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31 May 2011
A unique monitoring system offering healthcare providers an early warning system to accurately predict and aid management of one of the most common and painful infections has been developed by Cardiff University scientists. Thousands of patients every day in the UK, many of them old, frail and vulnerable need to have a urinary catheter fitted due to incontinence or immobility. Catheters in over half of those patients who are long term catheterised become blocked which can lead to extreme pain and other serious complications including kidney and blood infections. Cardiff scientists have developed a sensor that fits to a catheter that changes from yellow to blue/black before the catheter becomes blocked – allowing doctors to take action and treat infection before complications arise. Dr David Williams from Cardiff University’s School of Medicine, who led the development said: "The implication to a patient’s health if the catheter gets blocked is serious. Not only does it lead to extreme discomfort, but can cause other clinical problems which may prove fatal. "There is currently no effective method to manage this problem. Catheter blockages remain uncontrollable, unpredictable and dealt with – more often than not - when it’s too late. This is extremely painful for the patient, frustrating for the doctors and a massive drain on finances. "By developing the first early warning system for urinary catheter blockage we hope we can offer doctors and nursing staff an accurate way of predicating and preventing encrustation before it is too late." The new sensor comes as a result of a major collaboration between Cardiff and Bristol Universities. The Severnside Alliance for Translational Research (SARTRE) was established in 2009 to combine and accelerate translational research. Supported by the Welsh Office of Research and Development and by the Medical Research Council (MRC) to create a leading medical translational research hub in the SouthWest and South Wales. As part of the 2010 MRC Developmental Pathway Funding Scheme Devolved Portfolio (DPFS) researchers from Cardiff University have developed advanced features of the new sensor technology which is now ready to be trialled by patients.The sensor technology was initially developed by Cardiff University’s Dr David Stickler and Professor Mark Waters. Dr David Williams and Dr Sladjana Malic have since continued the development through the Medical Research Council’s DPFS project, both enhancing the sensor technology and validating the ability and consistency of the device in early detection of catheter blockage. The collaboration also involved the medical polymer laboratory in Cardiff School of Engineering, developed in collaboration with Principality Medical which provides a unique facility for manufacturing prototype sensors for clinical trials. MBI Wales Limited, who have considerable experience in manufacturing novel, application based materials for the medical industry, have supported the project throughout and have an option to the license for the manufacture and distribution of the sensor. The collaboration with Bristol is continuing and Bristol Urological Institute will be running the first clinical trials in Spring 2011 under the direction of Adele Long at Southmead Hospital. Dr Williams added: "As we enter the next important part of clinical trials – we get ever closer to making this project a reality for patients. The sensor provides a simple and useful solution that is cost effective and can be attached to any line, making it for the first time a real opportunity to crack this longstanding problem for patients." -Ends-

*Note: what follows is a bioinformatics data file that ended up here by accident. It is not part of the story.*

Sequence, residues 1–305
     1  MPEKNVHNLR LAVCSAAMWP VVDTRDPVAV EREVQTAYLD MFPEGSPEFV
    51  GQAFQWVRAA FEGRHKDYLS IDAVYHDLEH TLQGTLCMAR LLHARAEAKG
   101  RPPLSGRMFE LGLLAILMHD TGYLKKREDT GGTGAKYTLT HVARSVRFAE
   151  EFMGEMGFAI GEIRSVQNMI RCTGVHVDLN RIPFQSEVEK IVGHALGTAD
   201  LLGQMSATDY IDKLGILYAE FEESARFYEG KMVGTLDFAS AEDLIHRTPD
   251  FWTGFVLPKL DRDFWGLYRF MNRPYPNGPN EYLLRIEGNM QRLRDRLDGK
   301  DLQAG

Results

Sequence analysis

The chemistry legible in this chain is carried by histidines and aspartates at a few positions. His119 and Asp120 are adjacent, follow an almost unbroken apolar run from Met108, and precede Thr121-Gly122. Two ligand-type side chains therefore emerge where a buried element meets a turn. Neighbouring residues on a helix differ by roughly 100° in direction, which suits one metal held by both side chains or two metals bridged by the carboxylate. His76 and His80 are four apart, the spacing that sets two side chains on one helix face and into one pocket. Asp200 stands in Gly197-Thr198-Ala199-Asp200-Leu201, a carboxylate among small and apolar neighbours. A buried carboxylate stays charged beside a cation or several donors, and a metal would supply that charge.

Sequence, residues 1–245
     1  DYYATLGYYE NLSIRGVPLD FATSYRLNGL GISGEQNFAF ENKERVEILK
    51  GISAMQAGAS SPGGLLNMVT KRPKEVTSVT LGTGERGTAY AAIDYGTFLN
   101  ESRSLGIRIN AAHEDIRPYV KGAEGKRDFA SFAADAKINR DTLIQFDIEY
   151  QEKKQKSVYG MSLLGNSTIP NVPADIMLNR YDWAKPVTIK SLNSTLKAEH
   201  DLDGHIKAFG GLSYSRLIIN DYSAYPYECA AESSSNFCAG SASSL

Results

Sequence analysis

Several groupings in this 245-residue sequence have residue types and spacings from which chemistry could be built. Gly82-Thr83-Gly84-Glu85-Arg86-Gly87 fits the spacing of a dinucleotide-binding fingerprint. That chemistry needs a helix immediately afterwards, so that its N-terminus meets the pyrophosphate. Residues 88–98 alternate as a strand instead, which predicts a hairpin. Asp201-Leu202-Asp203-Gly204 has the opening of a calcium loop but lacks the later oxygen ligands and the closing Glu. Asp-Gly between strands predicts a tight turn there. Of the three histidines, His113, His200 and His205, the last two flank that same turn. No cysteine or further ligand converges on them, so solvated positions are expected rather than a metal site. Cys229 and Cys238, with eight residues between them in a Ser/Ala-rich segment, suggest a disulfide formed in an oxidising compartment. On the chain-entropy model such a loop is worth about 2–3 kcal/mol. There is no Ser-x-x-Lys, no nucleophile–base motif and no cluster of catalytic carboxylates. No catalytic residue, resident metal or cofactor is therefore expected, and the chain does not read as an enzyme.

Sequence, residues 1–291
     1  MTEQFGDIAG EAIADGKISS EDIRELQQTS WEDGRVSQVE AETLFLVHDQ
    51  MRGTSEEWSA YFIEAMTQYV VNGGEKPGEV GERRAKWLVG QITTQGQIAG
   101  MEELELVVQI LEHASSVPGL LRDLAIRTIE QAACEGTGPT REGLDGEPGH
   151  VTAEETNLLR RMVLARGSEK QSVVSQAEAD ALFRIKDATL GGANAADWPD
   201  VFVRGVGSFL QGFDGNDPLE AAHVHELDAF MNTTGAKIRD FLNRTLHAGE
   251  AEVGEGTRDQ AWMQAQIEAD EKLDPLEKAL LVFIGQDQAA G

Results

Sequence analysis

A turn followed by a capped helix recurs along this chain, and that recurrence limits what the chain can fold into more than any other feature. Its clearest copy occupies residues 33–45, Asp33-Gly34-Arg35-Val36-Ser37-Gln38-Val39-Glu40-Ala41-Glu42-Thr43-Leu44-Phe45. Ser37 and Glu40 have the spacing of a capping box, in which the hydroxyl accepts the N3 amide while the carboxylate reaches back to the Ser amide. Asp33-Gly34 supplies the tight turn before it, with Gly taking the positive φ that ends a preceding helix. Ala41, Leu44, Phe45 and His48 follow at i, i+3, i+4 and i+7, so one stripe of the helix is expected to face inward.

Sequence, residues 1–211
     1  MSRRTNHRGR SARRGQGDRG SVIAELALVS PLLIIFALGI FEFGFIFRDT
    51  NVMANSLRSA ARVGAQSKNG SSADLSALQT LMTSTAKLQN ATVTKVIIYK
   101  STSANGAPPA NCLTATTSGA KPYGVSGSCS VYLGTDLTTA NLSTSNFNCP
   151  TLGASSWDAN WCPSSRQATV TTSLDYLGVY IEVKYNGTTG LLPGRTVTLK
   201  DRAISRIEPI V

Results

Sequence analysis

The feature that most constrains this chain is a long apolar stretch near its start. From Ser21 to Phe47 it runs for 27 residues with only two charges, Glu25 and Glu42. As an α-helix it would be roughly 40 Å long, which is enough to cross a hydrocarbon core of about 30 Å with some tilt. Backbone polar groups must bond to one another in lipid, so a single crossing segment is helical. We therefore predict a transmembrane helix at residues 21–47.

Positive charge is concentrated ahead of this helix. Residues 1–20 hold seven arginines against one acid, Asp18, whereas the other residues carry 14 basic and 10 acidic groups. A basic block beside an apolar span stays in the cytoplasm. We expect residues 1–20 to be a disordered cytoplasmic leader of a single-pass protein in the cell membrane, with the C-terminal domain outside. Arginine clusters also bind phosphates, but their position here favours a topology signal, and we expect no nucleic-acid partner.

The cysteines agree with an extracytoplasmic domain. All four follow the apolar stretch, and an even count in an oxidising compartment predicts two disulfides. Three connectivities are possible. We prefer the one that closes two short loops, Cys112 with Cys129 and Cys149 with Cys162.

Notes: Further information or to interview Dr Williams, please contact: Dr Corinne Squire SARTRE – Severnside Alliance for Translational Research Cardiff University Tel: 029 20 744190 Mobile: 07854 103938 Further information on SARTRE – Severnside Alliance for Translational Research is available at: www.sartre.ac.uk/ Cardiff UniversityCardiff University is recognised in independent government assessments as one of Britain’s leading teaching and research universities and is a member of the Russell Group of the UK’s most research intensive universities. Among its academic staff are two Nobel Laureates, including the winner of the 2007 Nobel Prize for Medicine, Professor Sir Martin Evans. Founded by Royal Charter in 1883, today the University combines impressive modern facilities and a dynamic approach to teaching and research. The University’s breadth of expertise in research and research-led teaching encompasses: the humanities; the natural, physical, health, life and social sciences; engineering and technology; preparation for a wide range of professions; and a longstanding commitment to lifelong learning. www.cardiff.ac.uk
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